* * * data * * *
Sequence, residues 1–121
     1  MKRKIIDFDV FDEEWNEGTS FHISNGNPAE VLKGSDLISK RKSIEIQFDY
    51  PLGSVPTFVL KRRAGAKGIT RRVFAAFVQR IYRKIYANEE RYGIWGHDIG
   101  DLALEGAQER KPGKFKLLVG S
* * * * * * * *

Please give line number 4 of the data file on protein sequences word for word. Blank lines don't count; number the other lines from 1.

   101  DLALEGAQER KPGKFKLLVG S